The objective of this experiment was to compare people's reasoning with the four logically equivalent conditional formulations: 'if not-A then B', 'B if not-A', 'B except if A', and 'except if A, B'. Our main assumption, based on Mental Model Theory (Johnson-Laird & Byrne, 2002), is that with the conditional 'B if not-A', people build one initial model ('not-A & B') whereas they construct two initial models or possibilities for the exceptive conditional 'B except if A' ('not-A & B' and 'not-B & A'). From these assumptions we predict that participants will tend to accept the possibility 'not-A & B' as frequently as the possibility 'A & not-B' for the conditional except if. On the other hand, we predict that in the conditionals 'B, if not-A' and 'if not-A, then B', participants will tend to accept the possibility 'not-A & B' more frequently than the possibility 'A & not-B'. This last prediction is based on the idea that the first possibility is part of the initial representation while the second possibility is not part of initial representation. To test these predictions, we examined the inferences that people made with 'B except if A' and 'except if A, B', as compared with 'B, if not-A' and 'if not-A, then B' in a truth table task.

We contrast our predictions against Suppositional theory (Evans & Over, 2004; Evans et al., 2005). Suppositional theory predicts that, in the exceptive conditional 'B except if A' and 'except if A, B', people only think about the possibilities that include the true antecedent (not-A) but they do not think about the possibilities that include the false antecedent (A). Consequently, Suppositional theory should predict that participants should tend to accept, in a truth table task, the option in which the antecedent is true 'not-A & B' more frequently than an option in which the antecedent is false 'A & not-B'.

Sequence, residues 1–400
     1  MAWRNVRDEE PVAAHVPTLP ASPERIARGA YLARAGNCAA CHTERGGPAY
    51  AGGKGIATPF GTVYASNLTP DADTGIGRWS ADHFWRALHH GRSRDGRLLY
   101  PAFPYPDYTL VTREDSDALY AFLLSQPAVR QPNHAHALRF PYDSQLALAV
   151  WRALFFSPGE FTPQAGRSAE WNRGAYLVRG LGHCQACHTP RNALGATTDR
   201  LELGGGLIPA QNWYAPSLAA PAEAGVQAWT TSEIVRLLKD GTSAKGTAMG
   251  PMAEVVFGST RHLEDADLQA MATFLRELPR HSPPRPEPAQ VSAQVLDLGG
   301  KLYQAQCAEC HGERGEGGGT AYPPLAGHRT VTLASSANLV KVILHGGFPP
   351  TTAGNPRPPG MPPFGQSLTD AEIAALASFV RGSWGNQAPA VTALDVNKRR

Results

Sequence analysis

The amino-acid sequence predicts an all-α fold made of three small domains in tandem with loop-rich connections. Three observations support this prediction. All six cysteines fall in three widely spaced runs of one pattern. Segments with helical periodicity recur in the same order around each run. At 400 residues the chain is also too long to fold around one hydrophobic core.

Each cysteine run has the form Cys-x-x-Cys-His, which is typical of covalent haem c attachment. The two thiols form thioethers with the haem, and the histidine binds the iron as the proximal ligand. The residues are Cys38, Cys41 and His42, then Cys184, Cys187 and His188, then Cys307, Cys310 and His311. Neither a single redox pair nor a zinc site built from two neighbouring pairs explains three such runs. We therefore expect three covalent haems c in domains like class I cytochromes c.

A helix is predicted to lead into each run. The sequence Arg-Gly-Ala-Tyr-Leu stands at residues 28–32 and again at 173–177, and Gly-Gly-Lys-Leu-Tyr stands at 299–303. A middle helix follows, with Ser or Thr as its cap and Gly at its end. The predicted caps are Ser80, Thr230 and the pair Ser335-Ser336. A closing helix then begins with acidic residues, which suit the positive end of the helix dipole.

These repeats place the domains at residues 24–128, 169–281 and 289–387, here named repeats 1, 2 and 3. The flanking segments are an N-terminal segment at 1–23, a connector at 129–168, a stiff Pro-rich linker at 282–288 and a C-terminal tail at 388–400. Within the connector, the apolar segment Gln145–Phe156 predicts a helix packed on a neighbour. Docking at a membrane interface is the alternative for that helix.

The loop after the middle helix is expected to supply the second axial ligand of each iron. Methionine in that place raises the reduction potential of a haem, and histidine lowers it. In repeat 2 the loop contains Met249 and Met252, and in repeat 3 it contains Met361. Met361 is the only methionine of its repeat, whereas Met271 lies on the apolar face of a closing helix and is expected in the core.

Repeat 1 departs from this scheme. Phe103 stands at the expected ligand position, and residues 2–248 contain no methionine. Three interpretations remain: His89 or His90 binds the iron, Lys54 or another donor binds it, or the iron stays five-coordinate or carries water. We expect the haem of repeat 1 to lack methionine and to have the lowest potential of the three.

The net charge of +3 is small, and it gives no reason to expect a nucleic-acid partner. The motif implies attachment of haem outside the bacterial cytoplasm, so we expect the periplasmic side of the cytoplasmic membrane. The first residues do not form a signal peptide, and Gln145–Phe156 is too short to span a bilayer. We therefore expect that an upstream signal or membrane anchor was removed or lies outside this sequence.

METHOD

Participants. The 41 participants who took part in the experiment were undergraduate students at the University of La Laguna, Tenerife, Spain.

Design. A 4x4 within subject design was used in this experiment. The first independent variable was type of conditional with four levels: 'B, if not-A', 'If not A, then B', 'B except if A' and 'except if A, B'. The second independent variable was type of conjunction with four levels: 'A & B', 'A & not-B', 'not-A & B' and 'not-A & not-B'. The dependent variable was the percentage of responses accepted as valid.

Materials and Procedures. Participants received a booklet consisting of 5 pages. The first page contained the following instructions:

<<This task is designed to test your understanding of logical rules. On the following pages you will be presented with a series of problems. In each problem, a rule will be presented followed by a series of outcomes. For each problem you must indicate whether each outcome is true, false or not possible to know given the truth of the rule>>